In her poem “The Emigrant Irish,” the Irish poet Eavan Boland seeks to remind us of what Irish immigrants who came to North America were made of and, more importantly, what they brought with them:
“What they survived we could not even live. / By their lights now it is time to imagine how they stood there, what they stood with, that their possessions may become our power. / Cardboard. Iron. Their hardships parceled in them. / Patience. Fortitude. Long-suffering in the bruise-coloured dusk of the New World. / And all the old songs. And nothing to lose.”
Boland’s inclusion of songs as part of an immigrant’s possessions is a testament to the importance of music in the lives of the Irish, whose traditions continue to live on in a multitude of ways. For today’s performers of Celtic music, or traditional music of Ireland and Scotland, it is a living, breathing, and singing entity that connects them with their musical forebears.
Of the many themes found in traditional Scottish song, the lament is arguably one of the most important. It has the potential to express emotions that can be summed up as sadness or melancholy, but are in reality much more complex and varied.
Laments allow us to remember those we loved and experiences we shared in places that no longer exist but in our memories and in song.
American viola da gambist Tina Chancey‘s new recording, “The Versatile Viol,” is an excellent example of how Celtic music has been taken on by early musicians. It includes traitional music as well works from the 18th Century.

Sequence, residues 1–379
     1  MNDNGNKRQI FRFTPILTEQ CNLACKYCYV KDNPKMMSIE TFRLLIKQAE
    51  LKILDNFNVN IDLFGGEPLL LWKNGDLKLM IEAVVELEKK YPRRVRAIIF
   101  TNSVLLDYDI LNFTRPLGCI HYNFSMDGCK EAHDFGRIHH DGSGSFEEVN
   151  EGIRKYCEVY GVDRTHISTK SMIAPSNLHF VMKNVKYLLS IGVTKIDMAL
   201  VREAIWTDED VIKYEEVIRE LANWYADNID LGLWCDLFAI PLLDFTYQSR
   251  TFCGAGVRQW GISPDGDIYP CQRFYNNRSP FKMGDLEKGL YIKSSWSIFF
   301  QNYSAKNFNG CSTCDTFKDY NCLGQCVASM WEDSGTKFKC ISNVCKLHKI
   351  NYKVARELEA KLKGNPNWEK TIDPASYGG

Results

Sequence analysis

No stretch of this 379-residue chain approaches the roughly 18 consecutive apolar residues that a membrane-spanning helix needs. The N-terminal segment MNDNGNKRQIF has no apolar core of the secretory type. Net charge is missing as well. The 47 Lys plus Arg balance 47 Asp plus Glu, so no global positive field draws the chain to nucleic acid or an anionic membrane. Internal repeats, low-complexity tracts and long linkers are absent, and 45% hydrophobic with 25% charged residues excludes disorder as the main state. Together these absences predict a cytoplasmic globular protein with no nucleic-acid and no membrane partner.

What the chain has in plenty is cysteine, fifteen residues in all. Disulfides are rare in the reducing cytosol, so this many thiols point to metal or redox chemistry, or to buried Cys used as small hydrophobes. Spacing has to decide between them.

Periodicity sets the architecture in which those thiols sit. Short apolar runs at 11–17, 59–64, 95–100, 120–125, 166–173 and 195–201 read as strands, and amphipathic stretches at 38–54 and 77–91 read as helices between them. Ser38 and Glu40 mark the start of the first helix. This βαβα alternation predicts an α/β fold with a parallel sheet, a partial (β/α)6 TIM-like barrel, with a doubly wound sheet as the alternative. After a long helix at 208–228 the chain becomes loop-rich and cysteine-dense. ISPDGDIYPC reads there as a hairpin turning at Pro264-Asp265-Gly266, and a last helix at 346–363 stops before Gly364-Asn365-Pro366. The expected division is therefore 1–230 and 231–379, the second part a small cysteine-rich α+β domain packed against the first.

The Glasgow-based ensemble Concerto Caledonia recorded a set of compositions not long ago by Katherine McGillivray, a member of the ensemble who passed away in 2006. None are technically a lament but the four works are a kind of plaintive tribute to a beloved colleague in honor of her memory.
The titles of “Katherine’s Tunes” are Carsons’ Lilt, The 4 note spell, Dr. McGuiness, and I.A. McGillivray.
A 2008 release by American vocalist Moira Smiley featured a program of Celtic and Appalachian songs—some famous and others little-known. Her recent release included two songs—Wexford Carol and Queen Jane—performed with simple accompaniment and direct expression.
A versatile artist, Moira is the leader of the quartet VOCO and a recognized specialist in medieval song.
Indianapolis Early Music Festival
The 2009 Indianapolis Early Music Festival featured a number of concerts on many themes, one of which included traditional music from Ireland, Scotland, and England. Entitled “Baroque Virtuosity & Celtic Thunder,” the program presented compositions by the 18th-century British General John Reid, who was an accomplished flute player, among other things. His fame, however, rests on the work known as “The Garb of the Old Gaul” which lives on today as the official slow march of the Scots Guards.
The performers were Chris Norman, baroque flute and small pipes, David Greenberg, octave violin, Mark Cudek, viola da gamba, and lutenist Ronn McFarlane.
We’ll stay with a Celtic theme in our featured release of the week from the Alia Vox label. Entitled “The Celtic Viol,” Jordi Savall and Andrew Lawrence King have teamed up to record an entire program devoted to the traditional music of Scotland and Ireland.